Carl Reader of d&t is one example.  Carl has grown perhaps the most dynamic franchise consultancy in the UK and has also built out his personal profile so that he is now seen as a small business expert to a wide audience.

Peter Lalor, Managing Director of fast-growth advisory firm Blue Rock is another example.  Peter and his team target exciting entrepreneurial businesses as their core dynamic, offering an advisory service mix that resonates with this ambitious and expertise-hungry market cohort. There are many other great examples in the industry.

Global Engagements

The cloud and increasing connectedness between like-minded firms has led to an explosion of cross-border collaboration.  Firms that can engage globally - utilising local professional expertise to lubricate the opportunity - are also able to scale as their more ambitious clients do too.

Paul Gardner of Fresh Accounting has a necessary international perspective given his location in that dynamic hub of global trade, Hong Kong.  But Paul also travels frequently and networks extensively to ensure that he can take advantage of those multi-national opportunities. 

2. Profit Growth

Surveys indicate that a large proportion of firms are under-achieving to their own profit expectations.  Profit weakness can put pressure on investment opportunities, salary levels, capacity and resource deployment, leadership and staff work/life balance - not to mention an erosion of value.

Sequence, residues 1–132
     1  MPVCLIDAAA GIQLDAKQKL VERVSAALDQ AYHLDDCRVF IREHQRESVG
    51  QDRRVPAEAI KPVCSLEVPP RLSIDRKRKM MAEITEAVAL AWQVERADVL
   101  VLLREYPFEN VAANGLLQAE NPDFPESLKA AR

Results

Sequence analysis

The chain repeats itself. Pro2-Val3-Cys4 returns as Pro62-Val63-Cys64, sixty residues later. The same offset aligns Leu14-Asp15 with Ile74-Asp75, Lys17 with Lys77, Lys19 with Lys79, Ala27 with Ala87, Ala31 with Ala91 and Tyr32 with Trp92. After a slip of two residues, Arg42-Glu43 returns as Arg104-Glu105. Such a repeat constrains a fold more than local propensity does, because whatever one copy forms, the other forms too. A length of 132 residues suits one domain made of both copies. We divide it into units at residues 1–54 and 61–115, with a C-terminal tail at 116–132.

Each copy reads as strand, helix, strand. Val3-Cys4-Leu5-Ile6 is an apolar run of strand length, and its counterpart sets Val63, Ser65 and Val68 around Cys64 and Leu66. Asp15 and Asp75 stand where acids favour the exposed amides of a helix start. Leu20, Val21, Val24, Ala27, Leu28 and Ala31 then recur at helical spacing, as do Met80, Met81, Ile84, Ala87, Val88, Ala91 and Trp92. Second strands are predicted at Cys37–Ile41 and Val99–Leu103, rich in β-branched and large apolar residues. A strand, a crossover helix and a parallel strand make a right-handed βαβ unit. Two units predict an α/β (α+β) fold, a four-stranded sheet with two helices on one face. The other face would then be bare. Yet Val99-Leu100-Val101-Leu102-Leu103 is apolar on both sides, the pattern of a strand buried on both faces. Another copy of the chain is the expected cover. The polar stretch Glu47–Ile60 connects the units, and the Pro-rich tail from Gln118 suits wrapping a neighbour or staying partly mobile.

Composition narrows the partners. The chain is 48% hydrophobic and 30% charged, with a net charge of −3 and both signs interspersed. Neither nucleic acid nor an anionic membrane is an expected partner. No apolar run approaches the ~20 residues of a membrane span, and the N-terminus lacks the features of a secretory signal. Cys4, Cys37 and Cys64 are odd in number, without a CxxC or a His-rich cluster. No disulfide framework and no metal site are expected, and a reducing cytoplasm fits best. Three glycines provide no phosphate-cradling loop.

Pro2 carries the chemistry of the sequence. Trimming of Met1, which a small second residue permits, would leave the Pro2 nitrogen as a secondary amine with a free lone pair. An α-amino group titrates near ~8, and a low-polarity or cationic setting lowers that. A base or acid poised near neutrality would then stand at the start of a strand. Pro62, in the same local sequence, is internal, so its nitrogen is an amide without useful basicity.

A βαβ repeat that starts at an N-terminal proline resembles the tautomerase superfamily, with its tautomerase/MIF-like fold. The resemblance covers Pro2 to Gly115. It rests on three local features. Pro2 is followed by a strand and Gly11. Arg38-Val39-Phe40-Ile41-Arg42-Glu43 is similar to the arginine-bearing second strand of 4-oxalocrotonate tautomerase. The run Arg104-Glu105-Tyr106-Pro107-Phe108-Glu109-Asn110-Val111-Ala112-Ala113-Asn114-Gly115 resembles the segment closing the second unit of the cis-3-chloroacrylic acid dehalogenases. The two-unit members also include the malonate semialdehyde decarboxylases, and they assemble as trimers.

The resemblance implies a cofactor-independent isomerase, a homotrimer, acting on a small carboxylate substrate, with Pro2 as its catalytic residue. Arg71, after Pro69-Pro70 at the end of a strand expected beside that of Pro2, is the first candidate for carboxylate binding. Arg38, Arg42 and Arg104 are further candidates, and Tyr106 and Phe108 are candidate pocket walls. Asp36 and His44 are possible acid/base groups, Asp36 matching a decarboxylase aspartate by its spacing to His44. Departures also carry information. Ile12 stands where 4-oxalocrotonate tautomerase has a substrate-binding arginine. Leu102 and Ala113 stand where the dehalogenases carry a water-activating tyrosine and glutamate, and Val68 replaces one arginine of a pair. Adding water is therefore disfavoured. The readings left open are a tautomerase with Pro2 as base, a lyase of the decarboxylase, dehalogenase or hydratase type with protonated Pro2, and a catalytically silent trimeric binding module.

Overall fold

Profit Drivers

  • Sustainably profitable firms all seem to have many of the following attributes:
  • A material component of higher value advisory services
  • Strong processes and workflow management (they’ve “automated the grind”)
  • Some degree of specialism or verticalization
  • Value-based pricing - or at least a clear idea of pricing tiers and achievable margins
  • Some outsourced or non-traditional resource deployment
  • A focus on capturing value from ‘outlier’ services and projects (i.e. not falling into the ‘packaged service trap’ of not charging for additional requested work)
  • Regular reviews of pricing and servicing (levels, methodology etc).

For profitable firms, the understanding that pricing is only a problem where value is weak is well understood.  Staying profitable requires you to deliver on the promise of your value, consistently.

Profit Killers

Practices that struggle to achieve decent salaries for staff and principals (let alone clear profit), are often caught in a spiral of over-servicing, under-charging and trying to be everything for everyone. Don’t be this accountant!

If you are wondering why you aren’t profitable - or are making less salary than you want to, look out for these common profit-killers:

  • The wrong proportion of ‘premium’ value work vs lower value grind work that you do (it’s up to you to change the mix)
  • Letting clients utilize your experience and expertise for free (the martyr complex is strong in our industry, as is timidness around charging for ‘extras’)
  • Allowing WIP to sit on the books and never get charged (this can happen in time-sheet driven firms as well as value-chargers…where it can be obscured or ignored by poor capacity management and monitoring)
  • Poor Debtor collection (this can to a certain extent be mitigated by monthly retainer pricing models, but many firms still expose themselves too much to poor client payment processes)